Adam:00:13:00Just to summarize and put a pin in this thing before we move on. Risk parity is about diversity and balance, and sometimes that means that if you don’t lever the portfolio, that expected return won’t hit your required return. So you can do two things. You can concentrate into equities to get your higher returns or equity proxies like credit and private equity, etc. Or you can lever up the diversified portfolio and preserve your resilience to all of those different economic regimes. I guess in the next episode; we’re going to talk about how we can increase the amount of diversity in the portfolio even further by going outside of those traditional long only markets. So outside of traditional equities, bonds, and commodities, and in this stuff like factors, style premia and eventually into pure alpha sources.
Mike:00:13:56I like that. Do you guys want to talk about at all here the whole idea of the tracking error issue with risk parity?
Adam:00:14:03Sure, risk parity is the maximum regret portfolio.
Mike:00:14:07Yeah. We’ve talked about some of the positives. So let’s be real and talk about some of the things that make risk parity hard. You’ve got what they call a career and pure risk here. You’ve got deviation from broadly adopted, broadly accepted ways of doing business and you’re going to be on a different track. So, they will often say, diversification is a free lunch. To which we will often reply, well, true diversification isn’t really a free lunch. There’s a tracking error payment that has to be made. There is a comfort with deviation from what might be best in your career paradigm or your peer paradigm or what the client or the end user of the assets wants. So, as always, there are challenges, but the challenges are where the excess return lies. As usual, be comfortable with being uncomfortable.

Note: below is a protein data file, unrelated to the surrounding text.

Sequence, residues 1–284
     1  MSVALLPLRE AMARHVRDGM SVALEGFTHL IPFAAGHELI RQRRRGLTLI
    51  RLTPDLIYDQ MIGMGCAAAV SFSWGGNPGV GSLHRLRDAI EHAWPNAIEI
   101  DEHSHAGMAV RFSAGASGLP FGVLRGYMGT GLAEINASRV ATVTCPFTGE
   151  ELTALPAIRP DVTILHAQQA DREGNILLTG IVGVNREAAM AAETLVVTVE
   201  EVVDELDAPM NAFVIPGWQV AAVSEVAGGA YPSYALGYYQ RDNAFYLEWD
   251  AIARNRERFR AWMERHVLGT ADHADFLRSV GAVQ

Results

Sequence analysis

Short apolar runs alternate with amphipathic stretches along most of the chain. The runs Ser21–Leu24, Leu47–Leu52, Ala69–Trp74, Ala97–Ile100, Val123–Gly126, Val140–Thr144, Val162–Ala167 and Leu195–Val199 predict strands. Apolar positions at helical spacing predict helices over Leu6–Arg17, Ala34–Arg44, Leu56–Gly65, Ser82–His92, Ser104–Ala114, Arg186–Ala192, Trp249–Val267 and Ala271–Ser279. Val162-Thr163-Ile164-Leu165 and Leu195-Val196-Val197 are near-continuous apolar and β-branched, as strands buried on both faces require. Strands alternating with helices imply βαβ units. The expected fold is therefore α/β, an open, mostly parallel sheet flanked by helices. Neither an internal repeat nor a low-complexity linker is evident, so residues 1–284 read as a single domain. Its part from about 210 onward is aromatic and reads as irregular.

Rodrigo:00:15:05I just want to put a perfect example of when you summarize the benefits of risk parity, everybody’s like, of course, that makes total sense. So I’m going to get one unit of return per unit of risk instead of getting half a unit of return per unit of risk and I can lever it up to 15% volatility and I’m going to outperform equities. Of course, on average, that should be the case. When it hurts is when you have a two year period where equities have gotten really lucky and you’re killing it in your equity component. Your risk parity is getting killed on two thirds of the components, has the same level of risk and the allocator is saying hold on a second, I’m taking the same risk here between your risk parity and your equity, but the equity is crushing it and you’re not. So you were saying something about it being better? Explain that to me. It’s the fact that you’re smoothing out the luck factor that creates that. And of course, it’s great when you have a 20, equities go down quite drastically just barely does better, then you’re a hero. But in a massive bull market it’s a problem.
Mike:00:16:08Yep, there’s always something killing it and there’s always something killing you. And that is the price. It’s the “I’m Always Sorry” Portfolio.